Like Groundhog Day for designers, you know spring’s a comin’ when all-star designer John Maeda drops his state of the union — the 2017 Design in Tech Report. Slide decks may be a snooze, but this particular presentation will echo through tech for the next year, sneaking its way into founders’ fundraising pitches and other corners of Silicon Valley. It’s a 48 page presentation, so the Figma team pulled out our biggest takeaways and chatted with Maeda to get more color. You can check out the full video presentation here.
Designer hiring sprees. Major corporations want more product designers than ever. In the last two years alone big companies acquired more than 35 design agencies. Facebook, Google and Amazon have hired 65 percent more designers in the past year. Why’s the demand happening now? “Because technology is so commoditized, anyone can make an app,” Maeda told us. “Now that you can do that, how does it make someone feel, how relevant is it to someone’s life? That’s more of a design question.”
Design inclusion. Since tech has spread to the masses, design needs to be more inclusive of people with different backgrounds. Airbnb, Slack, Google, and Microsoft are leading the way.
Design schools lag. Education hasn’t kept up with the product design demand. Most schools still focus on classical design — ala print era typography — and don’t teach people how to design for web and mobile. More than two thirds of students surveyed said they had to teach themselves digital skills from outside curriculum like Lynda.com. Maeda doesn’t have much hope for design schools changing anytime soon. “They’ll evolve at the rate they’re designed to evolve, which is slow and deliberate,” he said.
Design-focused investing. Venture capital firms want to invest in design-focused companies and two VC firms are launching with that as their mission. The feeling is mutual — 80 percent of designers Maeda surveyed said they’d start a company if only they had the cash monie$.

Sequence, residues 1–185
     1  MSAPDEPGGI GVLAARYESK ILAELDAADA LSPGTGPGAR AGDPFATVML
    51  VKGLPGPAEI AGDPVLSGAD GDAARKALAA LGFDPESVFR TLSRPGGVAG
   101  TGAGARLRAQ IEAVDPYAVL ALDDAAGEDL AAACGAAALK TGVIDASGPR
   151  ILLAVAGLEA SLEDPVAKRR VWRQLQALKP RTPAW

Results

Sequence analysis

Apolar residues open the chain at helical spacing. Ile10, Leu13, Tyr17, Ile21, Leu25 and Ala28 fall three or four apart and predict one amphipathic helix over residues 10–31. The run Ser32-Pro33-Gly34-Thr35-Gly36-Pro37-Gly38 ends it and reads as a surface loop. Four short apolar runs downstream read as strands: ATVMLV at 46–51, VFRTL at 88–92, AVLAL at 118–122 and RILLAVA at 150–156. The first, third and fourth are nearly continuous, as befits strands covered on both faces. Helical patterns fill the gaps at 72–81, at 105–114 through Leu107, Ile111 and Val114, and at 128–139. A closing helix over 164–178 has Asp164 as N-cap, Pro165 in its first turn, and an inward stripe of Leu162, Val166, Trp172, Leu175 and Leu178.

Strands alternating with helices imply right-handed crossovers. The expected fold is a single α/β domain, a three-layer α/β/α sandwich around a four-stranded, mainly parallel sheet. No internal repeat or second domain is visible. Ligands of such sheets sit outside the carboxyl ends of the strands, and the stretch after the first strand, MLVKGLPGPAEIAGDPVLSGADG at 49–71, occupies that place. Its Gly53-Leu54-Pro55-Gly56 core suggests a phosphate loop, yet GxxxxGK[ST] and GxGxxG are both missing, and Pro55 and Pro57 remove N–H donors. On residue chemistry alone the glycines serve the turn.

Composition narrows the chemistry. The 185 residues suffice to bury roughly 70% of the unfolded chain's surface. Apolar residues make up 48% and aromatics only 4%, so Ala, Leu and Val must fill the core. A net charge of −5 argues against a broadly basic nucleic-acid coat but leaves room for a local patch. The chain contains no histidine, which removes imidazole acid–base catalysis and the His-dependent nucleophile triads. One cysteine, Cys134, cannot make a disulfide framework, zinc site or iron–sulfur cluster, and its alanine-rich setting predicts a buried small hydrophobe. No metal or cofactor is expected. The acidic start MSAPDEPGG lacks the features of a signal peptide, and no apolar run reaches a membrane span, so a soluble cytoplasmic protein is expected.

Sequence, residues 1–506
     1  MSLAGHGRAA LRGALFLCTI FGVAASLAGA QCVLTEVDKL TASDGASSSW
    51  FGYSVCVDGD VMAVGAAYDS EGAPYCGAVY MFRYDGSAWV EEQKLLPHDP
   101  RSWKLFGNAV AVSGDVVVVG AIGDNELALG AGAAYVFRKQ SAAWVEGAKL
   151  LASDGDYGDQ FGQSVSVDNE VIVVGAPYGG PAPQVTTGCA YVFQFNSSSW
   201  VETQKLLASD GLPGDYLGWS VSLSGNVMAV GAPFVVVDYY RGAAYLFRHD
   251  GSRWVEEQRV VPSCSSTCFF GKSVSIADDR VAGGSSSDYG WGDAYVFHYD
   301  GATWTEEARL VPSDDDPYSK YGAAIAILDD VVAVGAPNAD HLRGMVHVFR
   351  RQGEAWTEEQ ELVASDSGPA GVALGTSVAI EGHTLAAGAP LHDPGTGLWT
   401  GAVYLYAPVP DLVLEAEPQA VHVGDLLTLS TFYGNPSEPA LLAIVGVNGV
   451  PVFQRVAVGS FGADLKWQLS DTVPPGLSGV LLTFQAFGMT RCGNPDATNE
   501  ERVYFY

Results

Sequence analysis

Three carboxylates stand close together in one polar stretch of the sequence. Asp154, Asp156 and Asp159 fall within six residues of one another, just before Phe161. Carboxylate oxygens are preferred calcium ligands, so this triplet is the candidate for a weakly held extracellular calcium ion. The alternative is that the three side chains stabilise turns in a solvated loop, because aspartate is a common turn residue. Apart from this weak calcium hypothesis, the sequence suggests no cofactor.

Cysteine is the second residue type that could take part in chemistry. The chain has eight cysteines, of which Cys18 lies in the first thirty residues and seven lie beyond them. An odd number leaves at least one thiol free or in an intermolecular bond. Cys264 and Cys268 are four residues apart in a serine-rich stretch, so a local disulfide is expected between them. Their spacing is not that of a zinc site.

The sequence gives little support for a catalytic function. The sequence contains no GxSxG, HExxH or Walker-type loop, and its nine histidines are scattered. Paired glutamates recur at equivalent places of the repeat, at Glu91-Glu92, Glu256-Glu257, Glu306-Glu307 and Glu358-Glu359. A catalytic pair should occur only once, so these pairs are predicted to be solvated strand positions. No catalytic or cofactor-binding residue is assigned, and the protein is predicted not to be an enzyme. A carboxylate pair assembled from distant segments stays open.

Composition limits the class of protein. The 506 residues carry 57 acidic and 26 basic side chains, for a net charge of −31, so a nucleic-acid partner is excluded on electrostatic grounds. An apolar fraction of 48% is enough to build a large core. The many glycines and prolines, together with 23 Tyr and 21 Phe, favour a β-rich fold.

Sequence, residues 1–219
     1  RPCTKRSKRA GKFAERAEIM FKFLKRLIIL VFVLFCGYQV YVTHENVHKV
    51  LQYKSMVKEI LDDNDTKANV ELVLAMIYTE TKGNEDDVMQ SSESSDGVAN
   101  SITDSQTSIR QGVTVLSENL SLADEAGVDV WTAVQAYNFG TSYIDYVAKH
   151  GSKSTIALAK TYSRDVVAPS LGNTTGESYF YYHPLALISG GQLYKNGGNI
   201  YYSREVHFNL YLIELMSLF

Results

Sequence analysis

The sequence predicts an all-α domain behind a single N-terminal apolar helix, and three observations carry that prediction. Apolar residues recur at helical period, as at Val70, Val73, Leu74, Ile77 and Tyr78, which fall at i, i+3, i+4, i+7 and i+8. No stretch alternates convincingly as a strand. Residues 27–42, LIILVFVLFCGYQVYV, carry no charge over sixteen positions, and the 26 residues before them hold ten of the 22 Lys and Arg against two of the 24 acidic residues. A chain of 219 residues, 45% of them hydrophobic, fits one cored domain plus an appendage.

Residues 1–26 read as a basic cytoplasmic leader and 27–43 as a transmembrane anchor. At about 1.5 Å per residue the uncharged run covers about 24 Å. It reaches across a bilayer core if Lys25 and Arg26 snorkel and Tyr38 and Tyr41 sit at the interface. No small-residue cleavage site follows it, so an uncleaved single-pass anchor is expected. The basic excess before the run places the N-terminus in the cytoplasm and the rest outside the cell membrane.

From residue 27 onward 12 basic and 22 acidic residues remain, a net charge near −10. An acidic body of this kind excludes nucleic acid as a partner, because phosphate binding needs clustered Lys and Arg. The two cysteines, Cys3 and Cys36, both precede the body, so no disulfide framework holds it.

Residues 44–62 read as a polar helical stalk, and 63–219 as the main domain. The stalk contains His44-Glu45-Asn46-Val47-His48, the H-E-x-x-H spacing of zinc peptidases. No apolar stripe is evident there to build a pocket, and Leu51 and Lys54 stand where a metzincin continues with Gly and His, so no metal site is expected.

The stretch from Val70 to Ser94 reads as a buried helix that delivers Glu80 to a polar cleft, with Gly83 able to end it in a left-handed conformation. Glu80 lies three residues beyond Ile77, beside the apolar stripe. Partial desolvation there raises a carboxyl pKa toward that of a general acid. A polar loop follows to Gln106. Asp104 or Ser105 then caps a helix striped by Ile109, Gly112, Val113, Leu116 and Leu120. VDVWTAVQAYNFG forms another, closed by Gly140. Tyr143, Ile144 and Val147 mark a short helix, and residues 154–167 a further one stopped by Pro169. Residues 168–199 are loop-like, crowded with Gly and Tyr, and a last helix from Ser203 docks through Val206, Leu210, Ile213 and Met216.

More design tools. It’s still the Wild West in terms of product design tools, a fragmented landscape with a lot of different workflows. No one company has streamlined the process, although a lot are trying. We at Figma were happy to get a shoutout in the presentation. But Maeda cautioned designers against getting too excited about the proliferation of tools. “It’s important for every designer to notice the more these tools get sophisticated the machine intelligence opportunity grows,” Maeda said. “The need for designers will diminish.”
Other trends: The rise of voice interface designing (ala Alexa), the need for cybersecurity designers, the dominance of China in design.
Some of Maeda’s report is a bit aspirational, but it’s true that the future’s looking rosy for tech design. Now’s the time to be a product designer, hire one, or build a company for them. Perhaps the biggest challenge — aside from the education pipeline — is that no one has successfully united designers’ fragmented workflows. We’re chipping away at that at Figma, and given the flood of other new design tools, hopefully it’s just a matter of time.
At Figma, we’re amazed by the cool things people are doing across the product design community. We’ve decided to start highlighting those stories on our blog. For those new to us, we’re the first product design tool that’s based in the browser, giving people the opportunity to build apps and websites together in real time. Come check us out (and we’re hiring!).